This hard work gave birth to a music constantly evolving. The first demos sound more like ambient music; then Wednesday Campanella follows quickly the electro hip-hop direction that will become its identity for a few years, with KOM_I rapping and speak-singing. With 2015 and the EP Zipang, the group goes in a new direction, looking for house and future bass, even going with the disco-funk vibe currently trending in Japan. And today, with Galapagos, its last EP to date, WedCamp leaves hip-hop for a calmer electro pop-folk. With each new stage in this musical quest, Wednesday Campanella keeps some elements of its prevoious explorations, building layer by layer its universe. Patrick St. Michel adds: « Some compare them with Yellow Magic Orchestra; it’s an interesting statement. There is obviously something common between both of these groups when it comes to musical production. »

Galapagos, the next step

Galapagos can be understood as a break in the continuity that is Wednesday Campanella. Break because – the first verses of Melos excepted – the rap which has been WdCamp‘s trademark so far is missing. But continuity because the production is still very electronic oriented, even when it takes a detour to have a taste of folk or new wave.

It’s also the first time there is featuring on one of the group discs. And, Vive la France!, it’s with Pablo Padovani, frontman of the French group Moodoïd. « It’s all thanks to Yoko [1]! explains KOM_I. « She put me in touch with Pablo because she felt that we could get along together. Usually, collabs are quite complicated. But with Pablo, we understood each other immediately: we have the same way of thinking. Making music with him has been very easy. » The results are a track on Galapagos titled Matryoshka, and another one on the the last album to date of Moodoïd, the very good Cité Champagne, where KOM_I appears on the track Langage. This song sums up perfectly the global scope of Wednesday Campanella: you don’t need to understand a specific language to feel what the group wants to communicate and get the strength of its music.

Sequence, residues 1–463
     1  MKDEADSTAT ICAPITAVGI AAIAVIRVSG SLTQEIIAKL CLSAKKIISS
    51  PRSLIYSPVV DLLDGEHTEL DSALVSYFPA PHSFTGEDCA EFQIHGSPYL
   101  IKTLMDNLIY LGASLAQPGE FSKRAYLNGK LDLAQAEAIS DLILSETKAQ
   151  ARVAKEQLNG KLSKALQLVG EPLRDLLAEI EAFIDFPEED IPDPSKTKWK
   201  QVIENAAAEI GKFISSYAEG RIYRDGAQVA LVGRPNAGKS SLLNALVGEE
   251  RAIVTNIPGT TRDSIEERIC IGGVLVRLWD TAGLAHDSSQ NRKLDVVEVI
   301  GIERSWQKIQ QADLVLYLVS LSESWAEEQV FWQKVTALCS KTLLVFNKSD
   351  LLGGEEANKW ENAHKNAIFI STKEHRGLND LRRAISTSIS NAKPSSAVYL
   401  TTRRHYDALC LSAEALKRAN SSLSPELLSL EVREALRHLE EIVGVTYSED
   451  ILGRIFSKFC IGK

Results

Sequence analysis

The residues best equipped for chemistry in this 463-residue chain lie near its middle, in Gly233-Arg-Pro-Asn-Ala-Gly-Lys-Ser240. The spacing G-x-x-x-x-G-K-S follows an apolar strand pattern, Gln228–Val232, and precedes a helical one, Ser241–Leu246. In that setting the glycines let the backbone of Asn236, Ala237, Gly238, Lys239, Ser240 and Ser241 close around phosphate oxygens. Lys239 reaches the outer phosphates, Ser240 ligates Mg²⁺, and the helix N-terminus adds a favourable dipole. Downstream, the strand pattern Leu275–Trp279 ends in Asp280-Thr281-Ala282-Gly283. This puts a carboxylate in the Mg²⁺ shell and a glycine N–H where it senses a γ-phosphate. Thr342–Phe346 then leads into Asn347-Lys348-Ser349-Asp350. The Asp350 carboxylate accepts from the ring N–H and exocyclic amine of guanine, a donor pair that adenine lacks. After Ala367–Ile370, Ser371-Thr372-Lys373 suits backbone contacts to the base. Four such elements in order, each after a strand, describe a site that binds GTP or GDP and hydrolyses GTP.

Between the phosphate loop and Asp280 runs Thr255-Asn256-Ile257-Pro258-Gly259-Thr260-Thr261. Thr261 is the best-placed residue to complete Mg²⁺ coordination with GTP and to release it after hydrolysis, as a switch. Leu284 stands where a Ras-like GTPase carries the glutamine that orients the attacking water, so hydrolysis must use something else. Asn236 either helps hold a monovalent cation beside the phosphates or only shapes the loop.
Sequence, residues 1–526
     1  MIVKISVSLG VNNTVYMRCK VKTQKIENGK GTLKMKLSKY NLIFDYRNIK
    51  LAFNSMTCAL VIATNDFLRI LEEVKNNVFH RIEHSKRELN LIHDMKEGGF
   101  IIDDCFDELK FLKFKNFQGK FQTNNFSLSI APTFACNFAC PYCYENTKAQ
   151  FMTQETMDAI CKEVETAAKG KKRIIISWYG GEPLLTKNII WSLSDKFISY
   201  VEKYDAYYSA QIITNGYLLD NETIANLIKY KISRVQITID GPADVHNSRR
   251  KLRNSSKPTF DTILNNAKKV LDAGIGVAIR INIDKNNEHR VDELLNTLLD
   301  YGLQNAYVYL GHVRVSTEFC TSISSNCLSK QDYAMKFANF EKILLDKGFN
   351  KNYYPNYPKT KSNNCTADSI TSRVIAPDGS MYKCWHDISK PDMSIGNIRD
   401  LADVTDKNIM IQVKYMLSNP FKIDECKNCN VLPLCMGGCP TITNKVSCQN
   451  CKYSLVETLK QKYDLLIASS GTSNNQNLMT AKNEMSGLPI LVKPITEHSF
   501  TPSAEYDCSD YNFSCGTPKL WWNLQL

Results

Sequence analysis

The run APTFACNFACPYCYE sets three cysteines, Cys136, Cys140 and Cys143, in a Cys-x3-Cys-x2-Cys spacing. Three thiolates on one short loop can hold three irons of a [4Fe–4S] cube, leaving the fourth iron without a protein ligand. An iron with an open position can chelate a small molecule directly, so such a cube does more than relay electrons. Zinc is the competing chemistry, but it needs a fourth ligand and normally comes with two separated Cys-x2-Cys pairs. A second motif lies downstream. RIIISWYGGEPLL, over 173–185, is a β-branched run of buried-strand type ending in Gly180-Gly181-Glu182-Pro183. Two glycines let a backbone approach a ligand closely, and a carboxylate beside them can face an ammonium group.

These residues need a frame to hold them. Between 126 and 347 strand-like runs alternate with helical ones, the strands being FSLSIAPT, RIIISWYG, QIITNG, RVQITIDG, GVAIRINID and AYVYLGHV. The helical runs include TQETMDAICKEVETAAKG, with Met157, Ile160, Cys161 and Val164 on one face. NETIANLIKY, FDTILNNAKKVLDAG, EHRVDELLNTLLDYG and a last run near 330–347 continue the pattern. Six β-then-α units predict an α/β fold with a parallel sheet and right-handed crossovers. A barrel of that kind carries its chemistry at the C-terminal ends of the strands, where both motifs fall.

Galapagos, just like any other WedCamp disc, tells us a story. There is a logic between each track. If the last album, Superman, was a bright and shiny piece of pop invoking different solar deities (up to its title), Galapagos is more focused on nature, as one can see when reading the different lyrics – available in English on a dedicated page [2]. « Galapagos is more focused on plants, the forest, the moss. » says KOM_I. « The idea of eternity is also very present. Matryoshka ends with reversed lyrics because the track could go on forever. It’s the same thing with Minakata Kumagusu which has a cyclic structure, and ends with a fade out, to reinforce a feeling of infinity. » The EP as a whole is also cyclic, starting with a track transporting us in a lunar primordial forest, where life begins, and ending with a song revealing us the secrets of the universe and of life.

Galapagos is also a socially conscious EP. It starts with the presence of the Kokkai-gijido, the building where the National Diet of Japan meets, in the music video of Three Mystic Apes; the building is on an island, symbolizing the isolation and the disconnection between the politicians and the realities of the rest of the world. And it’s more clear with The Sand Castle, written while thousands of Japanese people converged in front of the very same Kokkai-gijido in July 2015 to protest against the 2015 Japanese military legislation (which allows Japan to get involved in offensive military actions). Because, in the end, Wednesday Campanella – or at least KOM_I – is a politicized group.